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    $\begingroup$ +1, Michael for stressing on the actual meat of various forms of CLT: those deal with the sum or mean. As mentioned in my other comment, GC deals with a.s. uniform convergence of empirical measure -- the confusion stems from reading dubious tutorials or blogs which in the name of oversimplification kill the real meanings of the results. $\endgroup$ Commented Apr 7 at 3:16

The post sounds like the common but incorrect misconception about the central limit theorem discussed in my question here. The phrasing makes it sound like the central limit theorem means that, as you collect more and more data, the data will have a distribution approaching the population distribution. Under mild assumptions, this is true, but that is the Glivenko-Cantelli theorem, not the central limit theorem.

The danger in mixing together the statements of the central limit theorem and the Glivenko-Cantelli theorem is to incorrectly assume that a large sample will have a Gaussian distribution. The answers to my linked question, particularly the answer I accepted, do a good job of explaining why that is absurd (no matter how common that misconception might be, even among people with generally good training in mathematics, just not this particular topic).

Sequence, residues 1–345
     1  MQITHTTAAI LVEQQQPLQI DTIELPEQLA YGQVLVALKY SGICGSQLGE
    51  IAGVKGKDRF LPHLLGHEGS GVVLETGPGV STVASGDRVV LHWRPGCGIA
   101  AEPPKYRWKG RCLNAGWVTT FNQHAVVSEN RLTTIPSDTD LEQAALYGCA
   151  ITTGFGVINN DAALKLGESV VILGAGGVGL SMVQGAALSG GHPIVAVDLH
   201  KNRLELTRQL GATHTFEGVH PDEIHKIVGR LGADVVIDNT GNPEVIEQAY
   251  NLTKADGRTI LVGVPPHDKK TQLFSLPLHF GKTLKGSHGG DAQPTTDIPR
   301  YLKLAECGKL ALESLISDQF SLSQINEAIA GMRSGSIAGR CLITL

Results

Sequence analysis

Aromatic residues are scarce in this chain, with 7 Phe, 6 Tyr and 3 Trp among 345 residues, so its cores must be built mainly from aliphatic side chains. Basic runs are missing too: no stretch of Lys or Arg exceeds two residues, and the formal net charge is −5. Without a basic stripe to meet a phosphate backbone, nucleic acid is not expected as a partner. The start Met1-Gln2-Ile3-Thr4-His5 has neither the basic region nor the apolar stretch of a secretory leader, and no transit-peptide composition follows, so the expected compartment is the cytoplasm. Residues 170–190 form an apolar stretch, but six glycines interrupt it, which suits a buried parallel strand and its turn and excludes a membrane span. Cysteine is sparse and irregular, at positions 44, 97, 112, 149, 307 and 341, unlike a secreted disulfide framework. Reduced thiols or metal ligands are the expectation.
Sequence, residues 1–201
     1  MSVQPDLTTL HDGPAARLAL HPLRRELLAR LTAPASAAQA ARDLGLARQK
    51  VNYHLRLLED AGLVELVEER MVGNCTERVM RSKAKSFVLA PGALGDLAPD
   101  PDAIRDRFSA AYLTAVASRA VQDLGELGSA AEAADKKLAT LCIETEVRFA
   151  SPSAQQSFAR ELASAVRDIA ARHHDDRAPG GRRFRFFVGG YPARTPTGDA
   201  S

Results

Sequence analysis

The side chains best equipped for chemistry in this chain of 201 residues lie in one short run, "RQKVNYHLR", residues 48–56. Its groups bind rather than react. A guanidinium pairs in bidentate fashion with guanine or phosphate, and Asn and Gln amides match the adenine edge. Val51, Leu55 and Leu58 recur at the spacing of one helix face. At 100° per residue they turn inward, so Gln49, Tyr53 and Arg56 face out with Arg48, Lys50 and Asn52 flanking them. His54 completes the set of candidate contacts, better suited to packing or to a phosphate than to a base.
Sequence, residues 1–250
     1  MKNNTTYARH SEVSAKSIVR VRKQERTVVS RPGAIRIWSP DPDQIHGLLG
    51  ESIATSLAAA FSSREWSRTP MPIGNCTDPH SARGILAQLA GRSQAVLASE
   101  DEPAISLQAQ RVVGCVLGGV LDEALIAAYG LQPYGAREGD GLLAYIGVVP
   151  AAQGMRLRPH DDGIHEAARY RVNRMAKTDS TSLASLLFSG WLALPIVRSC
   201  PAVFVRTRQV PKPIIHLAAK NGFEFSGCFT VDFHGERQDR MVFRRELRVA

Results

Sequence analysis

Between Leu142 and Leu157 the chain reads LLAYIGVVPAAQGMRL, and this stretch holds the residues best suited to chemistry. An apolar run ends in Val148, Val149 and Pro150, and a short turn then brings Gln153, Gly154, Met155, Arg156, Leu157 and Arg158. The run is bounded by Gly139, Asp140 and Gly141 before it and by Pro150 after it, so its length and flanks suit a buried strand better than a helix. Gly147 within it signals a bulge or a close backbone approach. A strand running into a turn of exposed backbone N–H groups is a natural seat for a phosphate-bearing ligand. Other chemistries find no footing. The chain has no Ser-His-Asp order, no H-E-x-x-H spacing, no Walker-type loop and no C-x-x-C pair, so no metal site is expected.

• $\begingroup$ That's actually very good thing to point out, Dave. However, even if one reads the formal results, they could see the differences. One is talking about the absolute uniform convergence of empirical distribution function , which is different from any version of CLT. The coin flips example debunks the myth. $\endgroup$ Commented Apr 6 at 15:19
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    $\begingroup$ @User1865345 No argument from me that the two theorems are different! Somehow, though, even people with otherwise good training in mathematical subjects get confused. $\endgroup$
    – Dave
    Commented Apr 6 at 15:54
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    $\begingroup$ I agree, Dave. The main problem is in order to be intuitive and over-simplistic, tutorials or blogs (in OP's case, LinkedIn) make it a mess by diluting these two results turning them into a hodge podge. Read good books! $\endgroup$ Commented Apr 7 at 3:20

Central limits, simply speaking, talk about weak convergence of distributions of sums of independent random variables to infinitely divisible distributions (cf. $\rm [I]$).